10. The census bureau has consistently underestimated the growth in metro Atlanta since the late-70's. I suspect when the 2010 census results are tabulated, Fulton and DeKalb in particular and Cobb will have a considerably greater population than the census estimates project beyond 2006. Doughtery, Muscogee and Richmond are also estimated to be declining and I think by 2010 Muscogee and Richmond both will surprise census demographers by posting increases, very small for Richmond and the largest gain for Muscogee since the 1960 census. I hope Doughtery will regain some of its losses, as recent as the early-80's, Albany was the fastest growing Georgia metro outside of Atlanta and Lee county has continued to grow at a rapid clip. Bibb has been a consistent slow gainer since 1960, and the 2006 estimates continue that pattern. The Macon region's population gains will continue to be fueled by Houston county and Warner Robins with Jones and Monroe posting solid gains. Another area the census has consistently underestimated is the counties bordering Alabama, which include Columbus-Muscogee. Carroll County and Harris County have been the only two the Census Bureau has estimated to be growing rapidly while Walker, Chattatooga, Dade, Floyd, Polk, Haralson, Heard, Troup and Muscogee has long been underestimated when compared to final census figures. Most of these won't be big gainers, but they will have added more than the bureau estimates. Dade, Haralson and Heard may even turn out to be solid growth. Kia will most certainly benefit Troup, Harris and Heard by 2010. Polk and Floyd are going to see more Atlanta spillover, increasing their growth rates. Rockmart in eastern Polk may well be suburban in the next decade. Walker is eventually going to pick up more growth as Catoosa County builds up. The Chicamauga bypass and 4 laning 27 along will GA 2 access to GA 193 and Flintstone/Chattanooga Valley will soon pick up steam and boom if Tennessee completes the proposed replacement of TN 17 which becomes GA 193 and the St. Elmo area of Chattanooga gentrifies.
  11. Huntsville does not have the metro population that Little Rock does and its is virtually midway between Nashville and Birmingham, two considerably larger metros than Huntsville and both are close enough that a lot of business and finance occurs in those two rather than Huntsville. Also, consider that Hunstville was a boomtown during the 50's and 60's thanks to the "Space Race" and NASA. It was surrounded by cotton mill villages in unincorporated Madison Co. that also bolstered the population when the boundaries were extended during the boom years. Much of Huntsville growth was horizontal and campus-like business parks are located near UA-Huntsville. Also, anyone stationed at Redstone Arsenal is included in the population of Huntsville. A later post mentions the downtown of Mobile being impressive and the city is the most important between Tampa Bay and New Orleans and downtown reflects that. Baldwin Co, AL was classified as part of the Mobile MSA until 2003 and is the second fastest growing county in Alabama. Also Pensacola, Ft Walton Bch and Panama City, FL are regionally attached to Mobile as is Pascagoula,MS and to a lesser extent Biloxi-Gulfport, MS, which have slightly stronger ties to New Orleans.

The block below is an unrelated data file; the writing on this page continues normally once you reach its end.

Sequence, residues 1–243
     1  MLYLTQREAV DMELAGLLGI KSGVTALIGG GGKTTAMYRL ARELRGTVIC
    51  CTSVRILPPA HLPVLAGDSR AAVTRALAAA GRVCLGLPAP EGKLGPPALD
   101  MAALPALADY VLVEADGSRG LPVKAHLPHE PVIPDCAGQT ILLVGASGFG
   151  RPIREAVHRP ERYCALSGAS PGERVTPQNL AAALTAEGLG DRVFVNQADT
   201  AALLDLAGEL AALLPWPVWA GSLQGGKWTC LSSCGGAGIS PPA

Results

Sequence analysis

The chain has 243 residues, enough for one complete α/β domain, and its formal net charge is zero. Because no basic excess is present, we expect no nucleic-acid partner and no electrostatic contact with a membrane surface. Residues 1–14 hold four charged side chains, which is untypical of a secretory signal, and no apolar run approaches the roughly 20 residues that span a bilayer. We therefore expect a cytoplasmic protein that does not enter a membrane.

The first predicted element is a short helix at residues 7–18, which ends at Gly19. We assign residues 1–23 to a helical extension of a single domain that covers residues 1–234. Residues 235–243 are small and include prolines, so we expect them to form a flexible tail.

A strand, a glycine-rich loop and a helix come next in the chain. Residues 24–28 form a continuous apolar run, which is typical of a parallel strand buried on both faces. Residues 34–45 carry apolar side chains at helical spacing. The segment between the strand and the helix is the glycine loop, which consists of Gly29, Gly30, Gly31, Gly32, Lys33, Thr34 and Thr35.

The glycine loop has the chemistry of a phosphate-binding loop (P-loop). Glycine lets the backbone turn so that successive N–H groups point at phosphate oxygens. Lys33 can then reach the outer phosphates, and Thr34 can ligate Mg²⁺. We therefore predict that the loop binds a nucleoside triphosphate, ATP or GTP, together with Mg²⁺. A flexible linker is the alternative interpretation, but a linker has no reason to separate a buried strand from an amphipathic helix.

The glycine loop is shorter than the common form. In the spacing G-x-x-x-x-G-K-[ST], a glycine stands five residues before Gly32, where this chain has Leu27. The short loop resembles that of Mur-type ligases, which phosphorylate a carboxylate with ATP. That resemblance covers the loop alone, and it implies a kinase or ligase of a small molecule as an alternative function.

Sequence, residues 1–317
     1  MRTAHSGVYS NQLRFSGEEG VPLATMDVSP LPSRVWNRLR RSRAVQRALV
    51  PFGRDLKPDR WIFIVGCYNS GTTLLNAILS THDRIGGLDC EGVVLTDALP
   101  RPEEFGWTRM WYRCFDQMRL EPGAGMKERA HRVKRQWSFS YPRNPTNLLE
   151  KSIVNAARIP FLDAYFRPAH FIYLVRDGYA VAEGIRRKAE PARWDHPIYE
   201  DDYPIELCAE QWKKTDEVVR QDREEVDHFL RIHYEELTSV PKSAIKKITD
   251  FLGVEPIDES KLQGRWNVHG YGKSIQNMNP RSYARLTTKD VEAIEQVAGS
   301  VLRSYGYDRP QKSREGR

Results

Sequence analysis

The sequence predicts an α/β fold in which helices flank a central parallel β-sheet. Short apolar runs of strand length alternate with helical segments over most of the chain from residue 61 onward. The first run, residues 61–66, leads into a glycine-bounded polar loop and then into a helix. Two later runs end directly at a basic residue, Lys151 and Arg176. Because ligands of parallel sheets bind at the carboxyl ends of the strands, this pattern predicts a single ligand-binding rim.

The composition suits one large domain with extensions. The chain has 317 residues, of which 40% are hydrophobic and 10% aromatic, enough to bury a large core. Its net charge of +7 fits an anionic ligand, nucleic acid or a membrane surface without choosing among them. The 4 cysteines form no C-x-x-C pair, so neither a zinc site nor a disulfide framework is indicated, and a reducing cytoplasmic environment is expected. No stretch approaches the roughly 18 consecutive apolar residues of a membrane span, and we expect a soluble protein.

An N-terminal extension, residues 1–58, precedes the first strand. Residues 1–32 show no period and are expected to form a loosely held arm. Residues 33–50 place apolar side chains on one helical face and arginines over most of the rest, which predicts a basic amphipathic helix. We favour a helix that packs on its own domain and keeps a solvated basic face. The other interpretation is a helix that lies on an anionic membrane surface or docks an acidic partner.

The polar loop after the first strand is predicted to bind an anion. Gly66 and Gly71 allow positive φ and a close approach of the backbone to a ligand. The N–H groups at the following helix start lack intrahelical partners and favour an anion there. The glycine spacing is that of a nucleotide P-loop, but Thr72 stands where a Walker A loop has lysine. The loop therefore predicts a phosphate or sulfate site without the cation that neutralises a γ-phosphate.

12. DaltonGA


    Most desert areas, i.e. Phoenix and Las Vegas, are more densely settled due to the infrastructure being methodically expanded as areas fill to adjoining areas. In the Atlanta area, numerous competing local goverments has build infrastructure to lure growth resulting in the leapfrogging to new areas. It helps that the primarily utility needed is only electricity as septic tanks are often used rather than sewerage systems, and that results in less density. Public water is generally available in most outer metro Atlanta counties, though wells and springs can mitigate the necessity unlike the desert. So while the 500 sq. miles Phoenix covers is sprawling, its still densely settled in the suburban sense of no leapfrog development. Also, Atlanta hasn't made a significant annexation since 1953, and the western side of the city is outside the perimeter.